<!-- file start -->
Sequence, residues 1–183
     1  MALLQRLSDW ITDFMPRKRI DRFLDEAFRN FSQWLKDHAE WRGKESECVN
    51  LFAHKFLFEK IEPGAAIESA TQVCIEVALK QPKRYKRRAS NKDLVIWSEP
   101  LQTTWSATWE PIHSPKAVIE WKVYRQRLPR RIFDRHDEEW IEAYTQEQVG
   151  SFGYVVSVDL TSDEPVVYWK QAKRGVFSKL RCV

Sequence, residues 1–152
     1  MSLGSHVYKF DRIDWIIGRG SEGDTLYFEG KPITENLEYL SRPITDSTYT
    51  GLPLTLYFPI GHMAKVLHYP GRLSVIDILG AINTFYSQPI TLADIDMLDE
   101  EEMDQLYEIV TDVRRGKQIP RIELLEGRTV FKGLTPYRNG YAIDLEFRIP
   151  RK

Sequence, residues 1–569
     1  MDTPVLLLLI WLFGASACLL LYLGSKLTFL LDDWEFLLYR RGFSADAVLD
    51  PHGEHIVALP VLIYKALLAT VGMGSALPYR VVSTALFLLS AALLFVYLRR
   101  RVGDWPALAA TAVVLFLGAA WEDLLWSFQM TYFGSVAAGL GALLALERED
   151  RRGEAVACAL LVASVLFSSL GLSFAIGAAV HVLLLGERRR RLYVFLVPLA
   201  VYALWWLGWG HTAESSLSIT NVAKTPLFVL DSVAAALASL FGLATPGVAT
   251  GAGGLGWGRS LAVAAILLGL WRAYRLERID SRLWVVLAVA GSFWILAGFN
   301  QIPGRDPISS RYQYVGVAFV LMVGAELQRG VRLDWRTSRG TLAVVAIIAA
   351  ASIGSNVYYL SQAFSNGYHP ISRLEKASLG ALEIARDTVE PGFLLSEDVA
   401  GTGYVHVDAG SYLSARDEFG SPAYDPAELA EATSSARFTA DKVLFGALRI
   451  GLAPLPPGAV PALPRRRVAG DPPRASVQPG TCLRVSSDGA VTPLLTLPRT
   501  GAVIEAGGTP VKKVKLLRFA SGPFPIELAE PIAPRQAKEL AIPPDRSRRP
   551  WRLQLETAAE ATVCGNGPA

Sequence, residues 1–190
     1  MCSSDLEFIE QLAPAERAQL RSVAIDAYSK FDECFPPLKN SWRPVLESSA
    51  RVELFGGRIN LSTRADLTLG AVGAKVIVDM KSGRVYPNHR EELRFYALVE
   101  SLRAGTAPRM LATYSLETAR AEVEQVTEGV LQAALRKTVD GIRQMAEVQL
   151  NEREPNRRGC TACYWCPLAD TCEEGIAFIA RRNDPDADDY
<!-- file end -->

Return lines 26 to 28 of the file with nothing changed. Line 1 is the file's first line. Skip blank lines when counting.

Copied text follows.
    51  RVELFGGRIN LSTRADLTLG AVGAKVIVDM KSGRVYPNHR EELRFYALVE
   101  SLRAGTAPRM LATYSLETAR AEVEQVTEGV LQAALRKTVD GIRQMAEVQL
   151  NEREPNRRGC TACYWCPLAD TCEEGIAFIA RRNDPDADDY